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Further Extras 

On top of this, there are other considerations you have to take into account. If you buy a flatpack kitchen, you’ll need somewhere for the installer to assemble and store the kitchen units. Remember that electrical work such as installing additional power sockets must comply with the UK Building Regs Part P. 

If you are replacing an existing kitchen with a more modern one, you’ll need to get rid of the old units. This will involve a waste skip unless you can sell or donate your old one to someone who needs one. Another idea is to use the old kitchen in a utility room or the garage as a workbench. 

UK Building Regulations & Planning Permission

You won’t usually need approval for building regulations compliance when fitting a new or replacement kitchen. However, new drainage or electrical work might require approval. In particular, new work coming under Part G (Hot water safety and water efficiency, sanitation), Part H (Drainage and waste disposal), Part J (Combustion appliances and fuel storage systems), Part L (Conservation of fuel and power), or Part P (electrical safety).  

This means you will have to comply with the Building Regulations if you do any of the following: 

  • Moving the water boiler to another location. 
  • Extend the flue, or install a new gas or oil appliance. 
  • Relocate the sink, add extra plumbing or change the drainage. 
  • Replace or install an external window or door. 
  • Install an electrical circuit, install or alter permanently wired electrical equipment. 
  • Install an extractor fan, including an electrical circuit and providing ventilation to the outside. 
  • Do any structural alterations to the room. This includes putting a kitchen into a loft conversion or extension. 

You don’t usually need planning permission, except where you are intending a change of use for a room. But, if you live in a listed building it’s a good idea to contact the local authority to find out if you must comply with any planning constraints.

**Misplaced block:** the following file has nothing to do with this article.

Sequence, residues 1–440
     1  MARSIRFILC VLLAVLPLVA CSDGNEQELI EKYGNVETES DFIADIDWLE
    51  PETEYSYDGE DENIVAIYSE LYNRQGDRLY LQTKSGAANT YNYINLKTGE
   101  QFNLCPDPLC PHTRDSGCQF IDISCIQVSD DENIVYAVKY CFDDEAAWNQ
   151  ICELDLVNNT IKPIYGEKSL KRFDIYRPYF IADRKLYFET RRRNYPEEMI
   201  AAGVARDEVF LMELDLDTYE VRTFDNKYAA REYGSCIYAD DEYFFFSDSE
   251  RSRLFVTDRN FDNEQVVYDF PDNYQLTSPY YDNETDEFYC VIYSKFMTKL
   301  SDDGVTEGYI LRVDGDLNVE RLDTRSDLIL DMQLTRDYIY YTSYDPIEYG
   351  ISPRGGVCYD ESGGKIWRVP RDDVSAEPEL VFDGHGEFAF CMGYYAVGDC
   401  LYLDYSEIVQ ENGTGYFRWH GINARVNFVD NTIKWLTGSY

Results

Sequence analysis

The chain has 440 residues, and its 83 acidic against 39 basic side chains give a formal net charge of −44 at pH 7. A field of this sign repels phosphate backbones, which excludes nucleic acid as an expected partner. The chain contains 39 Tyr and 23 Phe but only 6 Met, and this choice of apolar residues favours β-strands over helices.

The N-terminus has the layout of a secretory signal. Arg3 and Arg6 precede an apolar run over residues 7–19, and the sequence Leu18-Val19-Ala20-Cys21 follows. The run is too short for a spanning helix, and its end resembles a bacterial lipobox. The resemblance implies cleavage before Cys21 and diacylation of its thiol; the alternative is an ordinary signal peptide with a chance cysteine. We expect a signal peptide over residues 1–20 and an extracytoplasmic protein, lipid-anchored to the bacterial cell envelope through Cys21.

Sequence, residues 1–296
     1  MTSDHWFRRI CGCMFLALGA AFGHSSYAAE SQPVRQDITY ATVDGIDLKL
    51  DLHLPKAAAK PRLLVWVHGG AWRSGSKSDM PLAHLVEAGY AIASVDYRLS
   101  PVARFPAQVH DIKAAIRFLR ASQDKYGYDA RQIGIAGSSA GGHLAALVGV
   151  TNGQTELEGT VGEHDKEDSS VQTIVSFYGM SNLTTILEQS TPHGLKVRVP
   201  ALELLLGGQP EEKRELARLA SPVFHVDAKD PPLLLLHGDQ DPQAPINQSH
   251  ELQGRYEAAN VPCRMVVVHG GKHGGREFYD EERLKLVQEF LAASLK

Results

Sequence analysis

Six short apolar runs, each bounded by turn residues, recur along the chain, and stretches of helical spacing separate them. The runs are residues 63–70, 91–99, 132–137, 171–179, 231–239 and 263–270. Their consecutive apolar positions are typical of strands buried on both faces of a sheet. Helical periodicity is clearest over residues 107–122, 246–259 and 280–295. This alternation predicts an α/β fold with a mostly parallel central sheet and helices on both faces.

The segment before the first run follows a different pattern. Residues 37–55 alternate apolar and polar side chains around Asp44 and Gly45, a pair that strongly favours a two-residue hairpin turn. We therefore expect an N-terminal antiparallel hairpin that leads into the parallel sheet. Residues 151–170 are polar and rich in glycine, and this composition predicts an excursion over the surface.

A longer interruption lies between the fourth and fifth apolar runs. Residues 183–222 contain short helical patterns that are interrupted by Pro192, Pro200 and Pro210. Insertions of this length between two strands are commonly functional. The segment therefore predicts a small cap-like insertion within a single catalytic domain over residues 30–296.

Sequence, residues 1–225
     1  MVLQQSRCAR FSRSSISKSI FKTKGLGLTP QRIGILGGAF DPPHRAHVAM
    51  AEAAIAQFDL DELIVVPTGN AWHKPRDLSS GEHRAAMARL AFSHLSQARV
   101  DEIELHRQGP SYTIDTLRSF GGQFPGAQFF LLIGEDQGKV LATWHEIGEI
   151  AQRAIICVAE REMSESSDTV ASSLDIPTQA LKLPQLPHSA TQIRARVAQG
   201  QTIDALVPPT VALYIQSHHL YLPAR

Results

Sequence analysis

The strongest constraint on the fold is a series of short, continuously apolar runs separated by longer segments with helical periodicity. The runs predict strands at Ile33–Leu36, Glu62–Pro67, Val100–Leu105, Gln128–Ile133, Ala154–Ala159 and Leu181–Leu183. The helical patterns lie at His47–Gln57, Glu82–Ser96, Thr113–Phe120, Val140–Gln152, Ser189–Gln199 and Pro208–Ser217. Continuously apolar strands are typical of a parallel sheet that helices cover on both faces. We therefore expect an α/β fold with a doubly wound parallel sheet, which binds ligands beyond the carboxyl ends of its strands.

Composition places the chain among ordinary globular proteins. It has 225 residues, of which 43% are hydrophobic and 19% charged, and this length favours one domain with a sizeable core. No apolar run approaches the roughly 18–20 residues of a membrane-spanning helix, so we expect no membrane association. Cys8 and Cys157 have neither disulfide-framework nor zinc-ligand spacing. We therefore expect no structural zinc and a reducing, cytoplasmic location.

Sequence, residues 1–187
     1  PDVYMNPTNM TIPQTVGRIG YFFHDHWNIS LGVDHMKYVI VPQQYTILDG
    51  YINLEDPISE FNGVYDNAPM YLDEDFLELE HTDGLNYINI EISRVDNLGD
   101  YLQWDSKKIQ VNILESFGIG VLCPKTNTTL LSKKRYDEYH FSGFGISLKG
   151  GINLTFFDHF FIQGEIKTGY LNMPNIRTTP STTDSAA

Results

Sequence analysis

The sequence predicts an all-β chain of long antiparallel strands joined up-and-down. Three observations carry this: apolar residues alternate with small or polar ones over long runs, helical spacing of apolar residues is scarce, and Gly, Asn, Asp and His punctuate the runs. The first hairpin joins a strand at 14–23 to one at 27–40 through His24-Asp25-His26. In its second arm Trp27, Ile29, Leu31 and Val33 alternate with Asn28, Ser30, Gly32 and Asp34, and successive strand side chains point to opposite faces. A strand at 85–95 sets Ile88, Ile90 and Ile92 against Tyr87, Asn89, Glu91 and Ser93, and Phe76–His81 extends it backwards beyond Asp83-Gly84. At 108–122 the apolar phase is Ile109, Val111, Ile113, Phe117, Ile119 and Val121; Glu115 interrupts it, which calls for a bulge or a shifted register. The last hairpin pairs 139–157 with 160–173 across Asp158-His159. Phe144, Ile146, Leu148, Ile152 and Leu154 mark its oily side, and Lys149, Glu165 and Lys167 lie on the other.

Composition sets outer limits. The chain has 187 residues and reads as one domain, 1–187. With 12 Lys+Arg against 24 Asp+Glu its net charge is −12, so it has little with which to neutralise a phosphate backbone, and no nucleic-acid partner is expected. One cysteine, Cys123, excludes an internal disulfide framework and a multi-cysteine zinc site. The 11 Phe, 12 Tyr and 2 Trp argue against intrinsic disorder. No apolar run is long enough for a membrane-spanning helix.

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Top Kitchen Installation Hiring Tips 

Kitchens are often the heart of a household. They are places where your family can gather, eat, entertain and do many more activities. Because of this, you need to have a kitchen that’s practical, attractive to look at and pleasant to be in. To accomplish this you need to use the services of a qualified kitchen fitter or a tradesman who has had many years of experience in that field. 

So that you end up with a  room you can be proud of, it’s worthwhile finding out from the professional you intend to hire, some basic information. 

  • Although accreditations are essential, it’s also important to have experience. 
  • Make sure you trust them and are comfortable to have them around the house. They will often be left alone in your home for long periods and you need to be happy about that. 
  • Get everything in writing. This means, not only quotes for everything but also agreed on procedures if the scope of work changes. 
  • Agree on how you intend to pay for the work. Are you supplying the kitchen or will you expect the installer to do this? Will you provide a deposit or the cost of materials up-front?  How long after the completed job will you expect to pay the balance? 
  • Make sure the kitchen installer knows what Building Regulations apply to the work. If the kitchen needs inspections, who will organise this with the Building Control Office? 
  • What aftersales care does the installer provide? 
  • Is the installer qualified to do all aspects of the kitchen installation, e.g. electrics and plumbing? 
  • Ask for references for previous work and follow them up.

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Kitchen Refurbishment FAQs

How long does a full kitchen renovation take? 

This depends on the size and complexity of the kitchen. However, the majority of average-sized kitchens will take about 3 to 5 days to complete. 

Can you install kitchen cabinets yourself? 

Yes, you can. However, installing a kitchen isn’t only about putting together a few flatpacks. You need some serious DIY skills and some good quality tools to fit the cabinets. You also need plenty of time and some help with lifting the cabinets and worktops. There is a specific sequence you must follow when installing a kitchen. And, you must work to very tight accuracy. Everything must get fitted exactly horizontal and vertical, or else nothing will fit properly and the finished product will look terrible.